Ban on smokable marijuana has been overturned

On Wednesday, March 13, the Florida Legislature overwhelmingly voted to overturn a ban on the use of smokable marijuana. In November 2016, Florida voters had approved a constitutional amendment to allow the use of medical marijuana. This vote could have been won only by a super-majority, and it was, but the Legislature at that time banned the use of the smokable form. In May 2018, however, Judge Karen Gievers of Leon County Circuit Court ruled that the ban on smoking marijuana for medical purposes was unconstitutional, and a lawsuit was launched in an attempt to lift the ban.

When Gov. Ron DeSantis took office, he told the Legislature he wanted them to fix the laws pertaining to medical marijuana and gave them a deadline of March 15. He said 70 percent of Florida voters voted to allow sick people to use it, and it is not anyone’s place to judge. On his Twitter account he said, “Here in Florida, we must have a pathway for those who have a medical need to smoke marijuana to do so!”

At this time, marijuana can be used in any form except smokable in the State of Florida as long as the user has a physician’s approval, but after the recent vote, this will change. Patients using medical marijuana will be allowed to purchase supplies and up to 2.5 ounces of smokable marijuana every 35 days at a dispensary. Only adults will be legally allowed to use the smokable form unless a pediatrician grants permission to a terminally ill pediatric patient. Patients will be allowed to smoke only in private.

According to the National Conference of State Legislatures (NCSL), as of March 2019, “a total of 34 states, the District of Columbia, Guam, Puerto Rico and the U.S. Virgin Islands have approved a comprehensive, publicly available medical marijuana/cannabis programs.” They define comprehensive as the following:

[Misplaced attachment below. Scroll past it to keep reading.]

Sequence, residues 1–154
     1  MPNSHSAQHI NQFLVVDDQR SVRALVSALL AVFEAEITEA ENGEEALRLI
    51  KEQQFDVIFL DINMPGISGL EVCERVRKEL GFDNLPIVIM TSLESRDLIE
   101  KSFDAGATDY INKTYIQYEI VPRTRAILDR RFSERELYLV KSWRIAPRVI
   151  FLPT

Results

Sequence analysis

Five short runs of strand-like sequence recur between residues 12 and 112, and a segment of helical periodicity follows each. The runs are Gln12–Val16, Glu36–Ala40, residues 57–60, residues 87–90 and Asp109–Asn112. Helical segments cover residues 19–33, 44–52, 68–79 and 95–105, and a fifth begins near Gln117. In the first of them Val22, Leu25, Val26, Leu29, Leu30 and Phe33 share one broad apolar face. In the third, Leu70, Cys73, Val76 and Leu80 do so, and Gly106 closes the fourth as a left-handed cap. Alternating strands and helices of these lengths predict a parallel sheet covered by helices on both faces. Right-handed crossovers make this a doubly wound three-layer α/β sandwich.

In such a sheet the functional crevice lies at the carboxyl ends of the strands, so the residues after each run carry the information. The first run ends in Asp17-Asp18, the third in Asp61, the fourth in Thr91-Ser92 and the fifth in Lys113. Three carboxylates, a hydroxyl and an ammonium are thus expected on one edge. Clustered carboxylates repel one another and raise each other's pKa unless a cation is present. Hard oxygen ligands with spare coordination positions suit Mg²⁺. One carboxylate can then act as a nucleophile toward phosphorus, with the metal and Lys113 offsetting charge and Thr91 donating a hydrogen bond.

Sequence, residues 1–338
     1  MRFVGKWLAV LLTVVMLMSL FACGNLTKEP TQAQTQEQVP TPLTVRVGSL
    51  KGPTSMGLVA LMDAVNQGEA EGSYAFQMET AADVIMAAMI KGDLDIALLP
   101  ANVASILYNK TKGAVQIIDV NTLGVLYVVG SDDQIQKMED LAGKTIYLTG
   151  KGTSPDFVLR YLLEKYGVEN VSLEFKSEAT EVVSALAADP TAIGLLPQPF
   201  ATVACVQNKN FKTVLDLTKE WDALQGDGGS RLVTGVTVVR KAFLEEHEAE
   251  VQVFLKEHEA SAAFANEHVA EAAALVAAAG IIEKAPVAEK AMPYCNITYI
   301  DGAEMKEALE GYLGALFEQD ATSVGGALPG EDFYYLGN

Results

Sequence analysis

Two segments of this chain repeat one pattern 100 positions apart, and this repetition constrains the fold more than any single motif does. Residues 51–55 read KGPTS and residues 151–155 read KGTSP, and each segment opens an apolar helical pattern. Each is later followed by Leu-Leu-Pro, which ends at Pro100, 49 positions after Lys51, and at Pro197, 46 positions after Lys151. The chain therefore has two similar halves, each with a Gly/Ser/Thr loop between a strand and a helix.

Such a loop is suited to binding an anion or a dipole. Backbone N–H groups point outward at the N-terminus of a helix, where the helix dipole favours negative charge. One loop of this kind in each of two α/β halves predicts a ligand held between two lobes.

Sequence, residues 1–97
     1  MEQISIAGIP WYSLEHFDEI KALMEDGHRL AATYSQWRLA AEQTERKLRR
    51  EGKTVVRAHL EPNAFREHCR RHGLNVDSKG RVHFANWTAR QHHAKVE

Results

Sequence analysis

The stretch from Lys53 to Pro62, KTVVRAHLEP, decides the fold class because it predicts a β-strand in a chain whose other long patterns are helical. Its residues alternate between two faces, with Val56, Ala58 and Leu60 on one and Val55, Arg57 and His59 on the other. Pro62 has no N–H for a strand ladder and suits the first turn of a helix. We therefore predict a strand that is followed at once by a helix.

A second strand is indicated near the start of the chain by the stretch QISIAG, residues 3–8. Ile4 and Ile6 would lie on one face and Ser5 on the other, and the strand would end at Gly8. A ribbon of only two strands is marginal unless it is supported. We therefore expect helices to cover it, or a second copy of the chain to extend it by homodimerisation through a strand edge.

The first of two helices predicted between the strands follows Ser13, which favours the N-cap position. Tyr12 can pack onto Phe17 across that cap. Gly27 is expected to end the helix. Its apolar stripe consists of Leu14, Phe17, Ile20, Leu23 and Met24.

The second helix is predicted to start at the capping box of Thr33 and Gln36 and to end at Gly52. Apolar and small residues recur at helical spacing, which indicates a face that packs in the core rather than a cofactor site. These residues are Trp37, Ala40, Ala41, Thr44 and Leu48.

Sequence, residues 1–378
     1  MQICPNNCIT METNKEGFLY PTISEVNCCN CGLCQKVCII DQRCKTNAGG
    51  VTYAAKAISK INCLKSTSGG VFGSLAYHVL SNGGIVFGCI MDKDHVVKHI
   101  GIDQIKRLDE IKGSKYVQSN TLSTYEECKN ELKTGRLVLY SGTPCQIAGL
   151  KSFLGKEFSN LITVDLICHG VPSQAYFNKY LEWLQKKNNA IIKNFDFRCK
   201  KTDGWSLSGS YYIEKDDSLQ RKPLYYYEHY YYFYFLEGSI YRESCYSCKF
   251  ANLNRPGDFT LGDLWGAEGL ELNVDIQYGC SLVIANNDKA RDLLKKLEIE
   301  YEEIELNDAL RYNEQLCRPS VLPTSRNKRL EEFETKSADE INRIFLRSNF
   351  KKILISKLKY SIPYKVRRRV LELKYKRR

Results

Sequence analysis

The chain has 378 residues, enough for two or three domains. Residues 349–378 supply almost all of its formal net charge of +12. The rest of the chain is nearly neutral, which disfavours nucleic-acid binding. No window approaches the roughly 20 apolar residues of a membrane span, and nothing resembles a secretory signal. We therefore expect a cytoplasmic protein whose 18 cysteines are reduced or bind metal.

• Protection from criminal penalties for using marijuana for a medical purpose;

• Access to marijuana through home cultivation, dispensaries or some other system that is likely to be implemented;

• It allows a variety of strains or products, including those with more than “low THC”; and

• It allows either smoking or vaporization of some kinds of marijuana products, plant material or extract, and

• Is not a limited trial program.

Marijuana is still classified as a Schedule I drug, but according to the NCSL, the Obama administration sent a memo to federal prosecutors requesting that they not prosecute anyone distributing medical marijuana as long as they are doing so in accordance with state law.

The National Academies of Science, Engineering and Medicine released a report in 2017 stating that they found substantial evidence cannabis had therapeutic benefits in some patients. It helped with nausea and vomiting and with pain management and as an anti-spasmodic.

However, the report stated that long-term cannabis smoking contributed to a worsening of respiratory symptoms and chronic bronchitis. There was also concern about the use of cannabis before driving.

Cathy Womble is a staff writer for the Lake Okeechobee News.

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